The famous “We Want Beer” Prohibition protest in New York City featuring Mayor Jimmy Walker. (Image Courtesy Associated Press)
On January 16, 1919 in New York City history, one of the largest social experiments came into effect: Prohibition. The 18th Amendment to the constitution was ratified on this date and made it illegal to manufacture, sell, or transport, “intoxicating liquors for beverage purposes.” In New York City, the mayor sent all his constituents instructions to make their own wine, as was still allowed for “religious purposes.” It wasn’t until later in 1919 and onward that law enforcement was able to prosecute violators of the prohibition laws, which led to the arrest of over 7,000 people in NYC between 1921 and 1923. (Only 27 of these arrests resulted in convictions.) (more…)
Though New York is often dubbed as the “city that never sleeps”, only a handful of shops can truly pride themselves as a 24 hour destination — that is, a business that stays open for a consecutive 24 hours during the week. While there are countless eateries, food stands, and diners that always keep their lights on (like our favorites Wo Hop and Halal Guys), here are a few others you might want to explore on your next late-night odyssey.
Walk into the Mast Brothers chocolate shop/factory in Williamsburg and the scent of dark, almost bitter cocoa hits you immediately. This is not a chocolate factory like Willy Wonka‘s. The only experimenting here is done with pure, preservative-free ingredients. Brothers Rick and Michael Mast have been making American craft chocolate since 2007.
What started as a tiny operation in the kitchen of their Brooklyn apartment has grown to the point that they’ve just opened a new production facility in the Brooklyn Navy Yard. We went behind the scenes at their location on N 3rd Street in Williamsburg with Derek Herbster, the Mast Brothers’ Executive Manager, who gave us the lowdown on the bean-to-bar process of making chocolate and some exciting news about what the Mast Brothers have in store. (more…)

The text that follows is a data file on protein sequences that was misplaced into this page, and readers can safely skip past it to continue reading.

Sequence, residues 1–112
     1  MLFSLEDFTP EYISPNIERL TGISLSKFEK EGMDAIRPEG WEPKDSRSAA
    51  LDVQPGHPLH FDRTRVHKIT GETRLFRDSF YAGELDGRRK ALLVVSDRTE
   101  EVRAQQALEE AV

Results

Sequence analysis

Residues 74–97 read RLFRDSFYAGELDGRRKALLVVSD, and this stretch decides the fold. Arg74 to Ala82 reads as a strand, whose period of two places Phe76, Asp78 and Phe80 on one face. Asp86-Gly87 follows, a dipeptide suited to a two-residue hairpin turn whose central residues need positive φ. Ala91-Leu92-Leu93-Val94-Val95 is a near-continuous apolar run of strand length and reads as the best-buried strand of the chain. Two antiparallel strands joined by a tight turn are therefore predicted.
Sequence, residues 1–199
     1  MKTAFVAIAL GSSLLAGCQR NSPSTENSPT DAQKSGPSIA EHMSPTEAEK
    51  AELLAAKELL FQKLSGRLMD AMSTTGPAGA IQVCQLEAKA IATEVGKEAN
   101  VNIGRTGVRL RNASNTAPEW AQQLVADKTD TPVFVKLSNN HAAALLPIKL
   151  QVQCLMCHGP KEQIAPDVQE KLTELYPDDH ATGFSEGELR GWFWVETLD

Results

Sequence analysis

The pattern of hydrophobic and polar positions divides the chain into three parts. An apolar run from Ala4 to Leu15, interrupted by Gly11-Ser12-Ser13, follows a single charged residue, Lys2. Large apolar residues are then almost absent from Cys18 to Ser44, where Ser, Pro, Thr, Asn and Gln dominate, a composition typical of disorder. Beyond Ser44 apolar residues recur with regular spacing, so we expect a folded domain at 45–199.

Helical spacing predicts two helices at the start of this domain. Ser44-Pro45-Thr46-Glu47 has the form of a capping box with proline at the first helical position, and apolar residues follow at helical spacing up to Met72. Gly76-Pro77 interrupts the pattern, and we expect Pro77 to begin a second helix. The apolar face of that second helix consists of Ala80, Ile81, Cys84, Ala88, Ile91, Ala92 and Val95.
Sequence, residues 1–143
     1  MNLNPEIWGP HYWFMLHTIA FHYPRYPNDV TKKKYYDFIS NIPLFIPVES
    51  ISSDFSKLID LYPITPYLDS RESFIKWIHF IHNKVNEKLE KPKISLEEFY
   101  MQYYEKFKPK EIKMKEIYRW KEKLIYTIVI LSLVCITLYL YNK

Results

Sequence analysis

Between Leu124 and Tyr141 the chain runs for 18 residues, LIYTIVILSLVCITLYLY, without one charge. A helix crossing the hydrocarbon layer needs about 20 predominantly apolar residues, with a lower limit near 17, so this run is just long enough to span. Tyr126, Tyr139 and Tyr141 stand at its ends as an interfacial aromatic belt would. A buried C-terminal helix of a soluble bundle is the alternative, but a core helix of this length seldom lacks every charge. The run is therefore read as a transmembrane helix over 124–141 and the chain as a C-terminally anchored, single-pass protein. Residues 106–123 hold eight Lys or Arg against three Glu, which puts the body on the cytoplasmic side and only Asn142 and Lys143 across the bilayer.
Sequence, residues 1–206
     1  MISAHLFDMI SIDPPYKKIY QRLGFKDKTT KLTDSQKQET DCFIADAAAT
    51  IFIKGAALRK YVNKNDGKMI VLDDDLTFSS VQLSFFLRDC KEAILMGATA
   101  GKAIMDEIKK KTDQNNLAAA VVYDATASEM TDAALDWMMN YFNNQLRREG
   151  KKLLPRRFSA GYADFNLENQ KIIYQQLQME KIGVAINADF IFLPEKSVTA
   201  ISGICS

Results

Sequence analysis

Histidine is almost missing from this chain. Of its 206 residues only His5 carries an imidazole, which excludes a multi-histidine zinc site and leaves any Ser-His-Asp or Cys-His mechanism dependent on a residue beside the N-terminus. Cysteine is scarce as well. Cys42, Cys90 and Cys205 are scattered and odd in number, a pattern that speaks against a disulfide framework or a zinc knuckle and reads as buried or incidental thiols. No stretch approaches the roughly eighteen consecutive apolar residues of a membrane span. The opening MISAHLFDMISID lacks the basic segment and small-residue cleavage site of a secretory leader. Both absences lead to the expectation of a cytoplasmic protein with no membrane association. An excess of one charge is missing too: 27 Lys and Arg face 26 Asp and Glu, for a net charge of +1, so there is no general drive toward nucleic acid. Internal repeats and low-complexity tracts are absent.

The New York Distilling Company in Williamsburg recently celebrated its second birthday. It was founded by Tom Potter, who also co-founded the Brooklyn Brewery, and Allen Katz, Director of the Spirits Education & Mixology for Southern Wine & Spirits of New York. The distillery was opened on the symbolic date of December 5, 2011—the anniversary of the repeal of Prohibition.
“In a way, we’re still suffering from Prohibition,” our guide Diane explained when we visited the distillery on Saturday. It wasn’t until 2002 that New York State lowered the price of a distilling license from $50,000 to $1,450, thanks in part to numerous appeals from Hudson Valley distiller Tuthilltown Spirits, which we visited previously. (more…)
New York City’s skyscrapers, flashy lights, and “go big or go home” mentality make it easy to forget sometimes that space is precious and scarce in the city. In 2011, the Wall Street Journalreported that rent on East Village spaces under 1,000 square feet can often be $10,000 or less a month—a steal, considering a typical 1,500-2,500-square-foot retail space costs $15,000-$30,000. With the rise in rent is a growing number of tiny food establishments no bigger than a studio apartment. But what these seven places lack in size, they make up for character, from graffitied brick walls to pink naked lady wallpaper, and, of course, delicious food as well.
The name of this West Village wine bar/bistro translates to “salt and fat.” While there’s a lot of both in the rich French food served there, diners wouldn’t fit between the 14 tables if they ate there every day. The cramped space is livened up by graffiti-adorned brick walls, chalkboards, and a brightly-colored tile floor. According to the Daily Meal, it’s the smallest full-service restaurant in the city. (more…)
If you’re reading this, it may already be too late. When news broke that California’s Department of Public Health had halted production of Huy Fong’s legendary Sriracha sauce for the remainder of the year, our world changed. We changed, New York.
The ‘tomorrow’ we face will not be pleasant. Uncontrollable fires in the streets and subways will replace their equivalent in our mouths. Uncooked pork & chive dumplings will remain frozen through the winter. Shaky alliances will form, and enemies will be made. Worse yet, there is little any of us can do to stop it.